On ABC's This Week, George Will misrepresented a reported scientific breakthrough that would allow scientists to grow embryonic stem-cell lines without destroying the embryo. Will dismissed the finding, stating, "[I]n fact, it isn't true. All 16 embryos involved in this were destroyed." However, in making the assertion, Will conflated two issues: whether embryonic cells can be removed without destroying the embryo and whether stem-cell lines could be created from those cells. The first is well established; it was the second that ACT announced.
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On the August 27 edition of ABC's This Week, Washington Post columnist George F. Will misrepresented a reported scientific breakthrough by Advanced Cell Technology Inc. (ACT): the ability to grow embryonic stem-cell lines without destroying the embryo.
Asked by host George Stephanopoulos about the "potentially major development" that the scientists had "announced that they might have come up with a procedure that would allow you to create stem cells without destroying the embryo," and whether that might "end the debate" over the use of embryonic stem cells, Will replied: "[I]n fact, it isn't true. All 16 embryos involved in this were destroyed." In making the assertion, Will conflated two issues: whether embryonic cells can be removed without destroying the embryo and whether stem-cell lines could be created from those cells. The first is well established; it was the second that ACT announced.
While it is true that the researchers who conducted the ACT study destroyed all 16 embryos from which they derived cell lines, according to lead researcher Robert Lanza, "It is well established that a single cell can be removed from an eight-cell human embryo without causing any apparent harm to the embryo, and the new report aimed only to show that such single cells can become stem cells," as The Washington Post reported on August 26. The Post further noted that according to Lanza, "In the experiments, the scientists took as many cells as they could from each embryo, destroying them in the process, to make the most of the embryos donated for their study." On August 24, the Post reported that of the 91 cells removed from the 16 embryos, "53 of the cells began to divide and two formed robust colonies of what appear to be, by all tests, embryonic stem cells." The new study claims to prove the ability to take just one cell from an eight-cell embryo to make a stem-cell line; the new approach of taking a cell, known as a blastomere, from a two-day old embryo would allow the embryo to continue to develop. The current method of harvesting stem-cell lines takes cells from a blastocyst -- an embryo containing around 150 cells -- results in the destruction of the embryo. In an August 23 press release on the ACT website, Lanza summarized the significance of his group's study: "We have demonstrated, for the first time, that human embryonic stem cells can be generated without interfering with the embryo's potential for life."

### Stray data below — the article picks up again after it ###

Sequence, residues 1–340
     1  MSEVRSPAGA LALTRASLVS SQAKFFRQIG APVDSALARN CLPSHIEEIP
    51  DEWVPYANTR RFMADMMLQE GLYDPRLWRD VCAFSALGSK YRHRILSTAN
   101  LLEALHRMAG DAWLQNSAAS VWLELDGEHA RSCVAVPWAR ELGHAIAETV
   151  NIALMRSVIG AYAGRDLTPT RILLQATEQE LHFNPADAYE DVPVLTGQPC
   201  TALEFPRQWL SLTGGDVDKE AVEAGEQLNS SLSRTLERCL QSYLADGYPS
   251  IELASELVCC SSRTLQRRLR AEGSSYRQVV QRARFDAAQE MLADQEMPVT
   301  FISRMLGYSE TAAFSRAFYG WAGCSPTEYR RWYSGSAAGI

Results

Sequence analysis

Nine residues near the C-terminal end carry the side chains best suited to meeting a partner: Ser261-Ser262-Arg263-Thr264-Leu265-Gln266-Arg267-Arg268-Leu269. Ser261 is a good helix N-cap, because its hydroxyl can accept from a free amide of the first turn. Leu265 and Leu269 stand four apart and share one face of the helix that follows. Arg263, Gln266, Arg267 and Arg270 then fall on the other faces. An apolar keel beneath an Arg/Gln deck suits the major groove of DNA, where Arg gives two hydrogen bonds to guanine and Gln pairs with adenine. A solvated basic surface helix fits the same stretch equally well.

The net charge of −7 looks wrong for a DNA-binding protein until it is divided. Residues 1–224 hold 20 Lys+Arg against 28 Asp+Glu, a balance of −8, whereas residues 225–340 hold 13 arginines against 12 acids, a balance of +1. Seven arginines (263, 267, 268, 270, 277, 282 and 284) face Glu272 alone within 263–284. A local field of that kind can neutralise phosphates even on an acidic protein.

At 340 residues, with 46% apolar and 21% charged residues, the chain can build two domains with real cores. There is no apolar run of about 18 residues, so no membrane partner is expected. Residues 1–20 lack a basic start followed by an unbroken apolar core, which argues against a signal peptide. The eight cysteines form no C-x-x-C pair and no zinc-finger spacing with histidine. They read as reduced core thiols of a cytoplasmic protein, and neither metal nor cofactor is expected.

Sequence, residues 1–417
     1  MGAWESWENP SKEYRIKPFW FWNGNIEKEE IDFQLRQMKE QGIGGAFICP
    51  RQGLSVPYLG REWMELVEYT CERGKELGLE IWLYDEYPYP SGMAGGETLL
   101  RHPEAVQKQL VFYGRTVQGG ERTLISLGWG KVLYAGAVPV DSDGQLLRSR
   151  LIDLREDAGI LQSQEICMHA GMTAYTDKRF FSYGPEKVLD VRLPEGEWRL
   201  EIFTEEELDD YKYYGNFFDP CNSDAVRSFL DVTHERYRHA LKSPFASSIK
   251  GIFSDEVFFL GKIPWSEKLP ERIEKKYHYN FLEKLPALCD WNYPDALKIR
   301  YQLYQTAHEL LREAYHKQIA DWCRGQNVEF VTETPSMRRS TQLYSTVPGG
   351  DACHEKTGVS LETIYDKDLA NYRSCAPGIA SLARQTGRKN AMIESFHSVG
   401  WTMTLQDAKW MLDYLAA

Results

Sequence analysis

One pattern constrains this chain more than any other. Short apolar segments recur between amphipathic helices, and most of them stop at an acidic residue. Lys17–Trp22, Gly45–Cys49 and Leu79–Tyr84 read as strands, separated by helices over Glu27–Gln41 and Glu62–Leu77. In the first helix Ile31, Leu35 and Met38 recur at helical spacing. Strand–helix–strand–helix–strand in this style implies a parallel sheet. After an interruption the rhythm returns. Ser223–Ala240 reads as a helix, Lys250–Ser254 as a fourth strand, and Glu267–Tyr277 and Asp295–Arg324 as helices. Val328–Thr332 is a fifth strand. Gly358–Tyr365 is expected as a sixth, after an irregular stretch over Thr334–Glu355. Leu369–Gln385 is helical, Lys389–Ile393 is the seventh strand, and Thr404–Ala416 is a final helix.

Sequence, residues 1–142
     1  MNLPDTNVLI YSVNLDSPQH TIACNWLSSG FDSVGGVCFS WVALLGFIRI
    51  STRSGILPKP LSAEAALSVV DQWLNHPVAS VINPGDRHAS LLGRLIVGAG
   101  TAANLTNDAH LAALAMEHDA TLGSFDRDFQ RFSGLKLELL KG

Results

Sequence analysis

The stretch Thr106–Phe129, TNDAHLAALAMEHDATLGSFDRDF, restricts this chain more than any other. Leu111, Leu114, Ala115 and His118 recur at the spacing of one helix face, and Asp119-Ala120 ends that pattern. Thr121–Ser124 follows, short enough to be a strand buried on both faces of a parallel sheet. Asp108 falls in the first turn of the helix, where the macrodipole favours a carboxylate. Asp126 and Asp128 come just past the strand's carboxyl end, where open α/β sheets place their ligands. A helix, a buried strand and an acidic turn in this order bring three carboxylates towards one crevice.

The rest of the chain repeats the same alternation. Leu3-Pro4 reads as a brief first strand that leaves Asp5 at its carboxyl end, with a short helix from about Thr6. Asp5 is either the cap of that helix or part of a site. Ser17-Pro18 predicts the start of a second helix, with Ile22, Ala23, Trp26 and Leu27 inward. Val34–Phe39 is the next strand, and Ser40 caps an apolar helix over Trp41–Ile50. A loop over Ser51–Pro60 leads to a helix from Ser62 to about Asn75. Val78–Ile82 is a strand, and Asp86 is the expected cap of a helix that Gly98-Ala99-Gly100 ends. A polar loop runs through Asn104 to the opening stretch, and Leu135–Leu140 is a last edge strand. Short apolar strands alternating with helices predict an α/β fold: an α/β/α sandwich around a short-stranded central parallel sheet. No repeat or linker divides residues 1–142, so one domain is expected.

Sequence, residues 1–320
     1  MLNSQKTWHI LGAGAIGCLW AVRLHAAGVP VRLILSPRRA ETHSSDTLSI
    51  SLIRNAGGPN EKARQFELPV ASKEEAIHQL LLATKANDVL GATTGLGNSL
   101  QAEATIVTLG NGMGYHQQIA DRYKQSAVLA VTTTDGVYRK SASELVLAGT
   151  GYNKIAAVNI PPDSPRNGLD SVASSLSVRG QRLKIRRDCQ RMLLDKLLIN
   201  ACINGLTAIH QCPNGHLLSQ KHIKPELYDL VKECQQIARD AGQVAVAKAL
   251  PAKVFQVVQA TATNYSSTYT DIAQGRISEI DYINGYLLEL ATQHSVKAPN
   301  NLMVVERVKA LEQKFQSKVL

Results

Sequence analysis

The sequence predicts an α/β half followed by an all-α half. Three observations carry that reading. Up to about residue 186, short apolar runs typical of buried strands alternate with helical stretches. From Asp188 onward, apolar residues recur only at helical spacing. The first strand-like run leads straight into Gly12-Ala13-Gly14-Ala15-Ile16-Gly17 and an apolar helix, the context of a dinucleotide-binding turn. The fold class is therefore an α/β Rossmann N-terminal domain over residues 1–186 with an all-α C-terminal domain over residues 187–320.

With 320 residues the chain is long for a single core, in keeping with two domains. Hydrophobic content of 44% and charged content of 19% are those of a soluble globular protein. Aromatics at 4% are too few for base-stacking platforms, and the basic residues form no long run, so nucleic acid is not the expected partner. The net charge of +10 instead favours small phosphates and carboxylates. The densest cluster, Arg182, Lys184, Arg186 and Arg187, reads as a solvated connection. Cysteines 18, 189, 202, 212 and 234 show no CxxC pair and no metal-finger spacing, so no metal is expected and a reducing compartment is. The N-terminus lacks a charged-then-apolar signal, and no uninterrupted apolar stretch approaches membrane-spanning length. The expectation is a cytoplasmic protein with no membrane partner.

Will's claim that scientists have yet to grow embryonic stem-cell lines without destroying the embryo echoed Richard M. Doerflinger, deputy director of the Secretariat for Pro-Life Activities of the U.S. Conference of Catholic Bishops, who claimed: "Researchers did not safely remove single cells from early embryos, but destroyed 16 embryos in a desperate effort to obtain an average of six cells from each one. This experiment left no embryos alive, and solves no ethical problem."
From the August 27 edition of This Week with George Stephanopoulos:
STEPHANOPOULOS: And will that tolerance extend to other issues? I want to get to something else before we go. A potentially major development in stem-cell research this week. A company called Advanced Technologies, which in the past has said that it was cloning embryos, it turned out not to be true -- announced that they might have come up with a procedure that would allow you to create stem cells without destroying the embryo. George Will, if this is true, if it works, it ends the debate, doesn't it?
WILL: Two ifs -- but before we get to those ifs -- in fact, it isn't true. All 16 embryos involved in this were destroyed. Which the headlines and the hype -- this is a genius of a company getting journalists to write all this stuff. If it works, it might change the debate. But there will always be many people of good conscience who will say you shouldn't manipulate embryos, period. But --
STEPHANOPOULOS: But that would rule out in vitro fertilization.
WILL: It would rule out all kinds of things. So this would be a big development if it ever happens. It has not happened yet that you can remove these cells without destroying the embryos. Those -- all 16 were destroyed.